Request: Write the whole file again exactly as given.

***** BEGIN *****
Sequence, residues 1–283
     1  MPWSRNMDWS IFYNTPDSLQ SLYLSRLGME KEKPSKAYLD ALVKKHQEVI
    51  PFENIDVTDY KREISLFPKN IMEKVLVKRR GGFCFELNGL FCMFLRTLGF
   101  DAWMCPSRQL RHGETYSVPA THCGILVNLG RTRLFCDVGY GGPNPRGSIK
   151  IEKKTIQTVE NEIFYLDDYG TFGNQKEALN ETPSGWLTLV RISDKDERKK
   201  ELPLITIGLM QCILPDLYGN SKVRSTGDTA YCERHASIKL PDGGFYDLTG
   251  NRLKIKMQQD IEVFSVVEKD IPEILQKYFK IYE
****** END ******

Sequence, residues 1–283
     1  MPWSRNMDWS IFYNTPDSLQ SLYLSRLGME KEKPSKAYLD ALVKKHQEVI
    51  PFENIDVTDY KREISLFPKN IMEKVLVKRR GGFCFELNGL FCMFLRTLGF
   101  DAWMCPSRQL RHGETYSVPA THCGILVNLG RTRLFCDVGY GGPNPRGSIK
   151  IEKKTIQTVE NEIFYLDDYG TFGNQKEALN ETPSGWLTLV RISDKDERKK
   201  ELPLITIGLM QCILPDLYGN SKVRSTGDTA YCERHASIKL PDGGFYDLTG
   251  NRLKIKMQQD IEVFSVVEKD IPEILQKYFK IYE